Torino scale

From Academic Kids

The Torino Scale is a method for categorizing the impact hazard associated with near-Earth objects (NEOs) such as asteroids and comets. It is intended as a tool for astronomers and the public to assess the seriousness of collision predictions, by combining probability statistics and known kinetic damage potentials into a single threat value. The Palermo Technical Impact Hazard Scale is a similar, but more complex scale.

Contents

Overview

The Torino Scale uses a scale from 0 to 10. A 0 indicates an object has a negligibly small chance of collision with the Earth, compared with the usual "background noise" of collision events, or is too small to penetrate the Earth's atmosphere intact. A 10 indicates that a collision is certain, and the impacting object is large enough to precipitate a global disaster. There are no fractional values or decimal values used.

Torino scale
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Torino scale

An object is assigned a 0 to 10 value based on its collision probability and its kinetic energy (expressed in megatons of TNT). Note: The Little Boy weapon dropped on Hiroshima had a yield of approximately 13 kilotons of TNT. Thus, a megaton of TNT is equivalent to roughly 77 Hiroshima bombs.

History

The Torino Scale was created by Professor Richard P. Binzel in the Department of Earth, Atmospheric, and Planetary Sciences, at the Massachusetts Institute of Technology (MIT). The first version, called "A Near-Earth Object Hazard Index", was presented at a United Nations conference in 1995 and was published by Binzel in the subsequent conference proceedings (Annals of the New York Academy of Sciences, volume 822, 1997.)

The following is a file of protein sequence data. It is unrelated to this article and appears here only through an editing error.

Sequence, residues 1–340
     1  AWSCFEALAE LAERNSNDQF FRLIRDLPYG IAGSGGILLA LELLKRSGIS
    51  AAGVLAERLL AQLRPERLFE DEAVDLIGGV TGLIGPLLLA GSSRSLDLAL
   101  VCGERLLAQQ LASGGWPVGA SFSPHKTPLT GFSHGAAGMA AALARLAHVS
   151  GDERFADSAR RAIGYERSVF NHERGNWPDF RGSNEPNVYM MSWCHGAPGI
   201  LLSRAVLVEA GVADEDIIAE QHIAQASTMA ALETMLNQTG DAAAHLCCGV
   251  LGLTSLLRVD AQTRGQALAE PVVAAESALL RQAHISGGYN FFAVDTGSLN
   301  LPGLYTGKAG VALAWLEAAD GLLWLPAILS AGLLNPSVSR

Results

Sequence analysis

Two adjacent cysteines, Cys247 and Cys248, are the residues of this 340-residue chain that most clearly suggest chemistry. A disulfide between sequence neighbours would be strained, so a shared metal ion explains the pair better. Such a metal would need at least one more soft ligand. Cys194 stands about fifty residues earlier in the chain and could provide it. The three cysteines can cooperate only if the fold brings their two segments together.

A revised version of the "Hazard Index" was presented at a June 1999 international conference on NEOs held in Torino (Turin), Italy. The conference participants voted to adopt the revised version, where the bestowed name "Torino Scale" recognizes the spirit of international cooperation displayed at that conference toward research efforts to understand the hazards posed by NEOs. ("Torino Scale" is the proper usage, not "Turin Scale.") In 2005 a re-worded scale was published to better communicate the risks to the public.

Current Torino scale

The Torino Scale also uses a color code scale: white, green, yellow, orange, red. Each color code has an overall meaning:

NO HAZARD (white)
0.The likelihood of a collision is zero, or is so low as to be effectively zero. Also applies to small objects such as meteors and bodies that burn up in the atmosphere as well as infrequent meteorite falls that rarely cause damage.
NORMAL (green)
1.A routine discovery in which a pass near the Earth is predicted that poses no unusual level of danger. Current calculations show the chance of collision is extremely unlikely with no cause for public attention or public concern. New telescopic observations very likely will lead to re-assignment to Level 0.
MERITING ATTENTION BY ASTRONOMERS (yellow)
2.A discovery, which may become routine with expanded searches, of an object making a somewhat close but not highly unusual pass near the Earth. While meriting attention by astronomers, there is no cause for public attention or public concern as an actual collision is very unlikely. New telescopic observations very likely will lead to re-assignment to Level 0.
3.A close encounter, meriting attention by astronomers. Current calculations give a 1% or greater chance of collision capable of localized destruction. Most likely, new telescopic observations will lead to re-assignment to Level 0. Attention by public and by public officials is merited if the encounter is less than a decade away.